You’re a fuckup.

You don’t deserve to live.

You shouldn’t get a second chance.

Ever so slooooooooooowly, things began to improve. I owe a debt of gratitude to both my counselors as well as my classmates. They picked me up when I was too bruised and battered to get up on my own. They focused me on good things so that I could begin to walk out of the darkness. Over time, I started doing anything I could to find peace in my life – I started visiting a huge Catholic cathedral by my workplace, not because I’m Catholic (I’m not), but because there was solitude and calmness there; I took up drawing, a hobby I thoroughly enjoyed as a kid but hadn’t done in over twenty years; I took miles-long walks; I laid on my back and looked at the clouds moving by overhead or the stars twinkling in the night sky. I did whatever I could in those moments to continue to walk forward, to leave the past in the past, to not falter, to not lose.

To not die.

This entire process – world-shattering changes, mistake after mistake on my part, depression, recovery – was roughly a 9-12 month journey. Seems relatively short in the grand scheme of things, but it felt like a lifetime. My existence has never been darker than that year of time, and I pray to whatever powers that be that I’ll never experience something like that again.

I hear news of another suicide, and I think about the crushing weight of hopelessness. I also think about all of the moments I would have missed if I had taken my own life. I wouldn’t have married my wife, who is the best thing that’s ever happened to me. I wouldn’t have my four- and two-year-old kids. I wouldn’t have seen the children from my first marriage as they grow into adulthood. I wouldn’t have inherited four stepchildren. I wouldn’t have traveled to Paris with my wife, or hiked the hills in Red Wing, MN, or seen the seas of flowers in Pella, IA. I wouldn’t have become a godfather for the first time. I wouldn’t have seen a billionaire blowhard become President of this great country (OK, I wouldn’t have missed that). I lived a pretty charmed life during my childhood and early adulthood, and I’ve lived a flat-out blessed life since the aforementioned episode. And all of it – ALL of it – would have been gone because of a six-month bad stretch in my life. Seems silly in hindsight, but I assure you, it was in no way silly at the time.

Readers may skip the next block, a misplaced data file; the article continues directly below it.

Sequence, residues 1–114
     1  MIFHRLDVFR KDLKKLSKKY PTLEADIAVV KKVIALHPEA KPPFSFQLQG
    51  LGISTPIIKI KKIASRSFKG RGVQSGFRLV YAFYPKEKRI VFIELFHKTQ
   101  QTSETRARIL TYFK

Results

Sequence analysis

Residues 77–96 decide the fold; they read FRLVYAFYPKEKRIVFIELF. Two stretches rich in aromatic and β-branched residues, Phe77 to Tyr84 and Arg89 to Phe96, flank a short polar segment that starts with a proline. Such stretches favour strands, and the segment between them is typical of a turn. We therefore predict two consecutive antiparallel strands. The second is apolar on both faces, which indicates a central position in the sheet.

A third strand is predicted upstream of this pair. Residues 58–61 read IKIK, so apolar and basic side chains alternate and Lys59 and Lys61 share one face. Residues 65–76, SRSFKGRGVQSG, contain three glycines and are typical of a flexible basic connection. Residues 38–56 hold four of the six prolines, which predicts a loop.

So why would I share something like this with the world? I admit it’s not something I’m proud of, nor do I relish reliving it. But I think it’s important to talk about this stuff because everyone, from a small-town nerd like me to a wildly talented and famous singer like Chris Cornell, can be ground to pulp in the jaws of depression and anxiety. You may think it’s not possible for you to go through something like this. I thought the same thing until I was at rock bottom. I guarantee you my coworker would have said it wasn’t possible until it happened. I’m guessing most folks who commit suicide would say the same thing.

My encouragement to you is twofold.

First, I ask that you pay attention to the people around you, no matter if they’re family members, friends, colleagues, fellow churchgoers, what have you. The changes may be subtle, but oftentimes they *are* noticeable. I suppose I may have been more in-tune with what was happening to my coworker because I’d been through a similar decline, but like I said, I wasn’t alone in noticing the warning signs. I tried to help at the time, offering to talk or to get lunch. I didn’t push too hard, and that’s probably my greatest regret: I wish I would have tried harder. It may not have helped (and likely wouldn’t have, because I wasn’t around this person outside of the office, and not necessarily in close proximity even when we were there), but there’s no worse feeling than seeing someone end their life and feeling like you could have done more. Please ask questions, even if it isn’t comfortable. Offer support. Extend yourself. Losing a person in your life is an awful scenario, and if it’s at all preventable, do something to walk that person out of their darkness and into the light.

Next, if you ever feel down or start spiraling from a situation, no matter how big or small, ask for help. This was my biggest obstacle to getting better, and how stupid is that? Pride and a lack of humility causing someone to dwindle away?! It embarrasses me to think how stubborn and prideful I was at that time. It cocked up my life longer than necessary, and almost led me down a path of no return. Find a loved one, a friend, a counselor, a priest, *anyone* to get the weight off your shoulders and help you refocus your energy on a way to get out from under the pressure. Left unchecked, the damage can be absolute.